Monday, 18 September 2017

An Unpopular Opinion Grows

With the NFL back in full swing once more and my Twitter timeline flooded with NFL tweets yesterday, I think I want to weigh in on something for which I've never really had much use. As seen to the left, Colin Kaepernick made a significant statement in being the first to kneel during the national anthem prior as a form of silent protest, but I'm not here to speak about his protest. I could be here for days or weeks with all the nuances of that argument. Instead, I may be in the minority here, but I truly would like the practice of having the national anthem sung prior to every sporting event ended sooner than later. Honestly, it's an archaic form of tribute built into today's society that really has no place being continued today.

I know I'm asking a lot here, so bear with me. I'll explain my stance fully after a little history.

This all starts with baseball as games as far back as the mid-1800s saw the Star-Spangled Banner sung prior to special games. Where it really caught on, though, was during the World Series of 1918 between the Boston Red Sox and the Chicago Cubs. This particular series saw a few notable events happen prior to the series starting that saw the anthem used as a way to unite the American people.

17 months prior to the 1918 World Series, the US had entered World War I and there were a number of ball players who had been drafted that summer to serve in the military during this war. The government, as a result of the strain on the economics and workforce, ordered baseball to end the regular season by Labor Day, marking the only time in baseball's illustrious history that the October Classic actually finished in September.

Another event took place on September 4, the day before the first game was scheduled to be played at Comiskey Park. According to reports, a bomb ripped through the Chicago Federal Building that killed four people and injured another 30. Needless to say, the mood was pretty sullen in Chicago when it came time to celebrate baseball's best two teams.

It was in Game One that Babe Ruth pitched a gem, but the 19,000 on-hand to witness the 1-0 Boston victory barely stirred. That is, until the seventh-inning stretch. The military band that was on-hand began playing the Star-Spangled Banner, and it seemed to stir the crowd. Playing in the game was third baseman Fred Thomas who was an active serviceman with the US Navy. While on furlough from the Navy, Thomas received permission to play in the World Series, and Thomas would stand and salute the flag on this day as the military band played the anthem. Seeing Thomas saluting, the remainder of the players on the field turned towards the flag and held their hands over their hearts as the anthem was proudly played by the military band. As the conclusion of the song, the sleepy crowd came alive with an ovation not heard at any point in the game.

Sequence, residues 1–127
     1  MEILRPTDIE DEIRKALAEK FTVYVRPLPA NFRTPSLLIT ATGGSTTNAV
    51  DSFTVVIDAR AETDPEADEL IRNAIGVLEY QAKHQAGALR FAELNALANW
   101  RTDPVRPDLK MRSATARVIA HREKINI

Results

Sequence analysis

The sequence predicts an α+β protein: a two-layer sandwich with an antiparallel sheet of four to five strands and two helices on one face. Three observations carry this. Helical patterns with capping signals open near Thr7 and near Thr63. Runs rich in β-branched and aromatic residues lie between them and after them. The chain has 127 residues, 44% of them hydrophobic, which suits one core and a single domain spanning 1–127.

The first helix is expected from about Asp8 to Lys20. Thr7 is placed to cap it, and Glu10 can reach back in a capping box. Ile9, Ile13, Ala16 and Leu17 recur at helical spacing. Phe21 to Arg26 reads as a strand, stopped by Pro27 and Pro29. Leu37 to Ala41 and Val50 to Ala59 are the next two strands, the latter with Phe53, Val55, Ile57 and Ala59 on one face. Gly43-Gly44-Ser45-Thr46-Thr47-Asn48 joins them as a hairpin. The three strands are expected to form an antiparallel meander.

The next two games, hosted by the Cubs, also featured the Star-Spangled Banner played during the seventh-inning stretch. Boston, not to be outdone by their rivals, decided to move the song to the pregame ceremonies while having injured servicemen attend the game for free. The crowd at Fenway Park was louder than it had been for most of the season, according to reports, and the Red Sox continued to play the anthem prior to the remaining three games with Boston winning the series four games to two.

As Luke Cyphers and Ethan Trex write on ESPN.com,
Other major league teams noticed the popular reaction to "The Star-Spangled Banner" in 1918, and over the next decade it became standard for World Series and holiday games. In subsequent years, through subsequent wars, it grew into the daily institution we know today.
What makes this funny, to me, is that Congress didn't officially adopt the "The Star-Spangled Banner" as the American National Anthem until 1931. What grew out of a way to honour the soldiers who put their lives on the line to protect freedoms and rights was finally adopted by the country as a way to do the same some 13 years later. Nice job, Congress.

Snide remarks about American politics aside, if we look at the history of the anthem being played before the game, it literally was a one-up by the Red Sox on the Cubs that started this silly tradition. As it was adopted by more sports across the land, it became commonplace to hear the anthem before any game is played. However, there are places such as the Olympics and various World Championships where the anthem is played after the game is concluded, and only the winning nation gets its anthem played.

Look, I have no problem with how the anthem was used at sporting events in the days of yesteryear when it sung and performed on special occasions like opening day, national holidays and championship games. I believe those days and games have special meaning to a wider section of the audience, and the performance of the anthem signifies the importance of those days and events. It makes much more sense than a midweek game between the Hurricanes and Coyotes in January.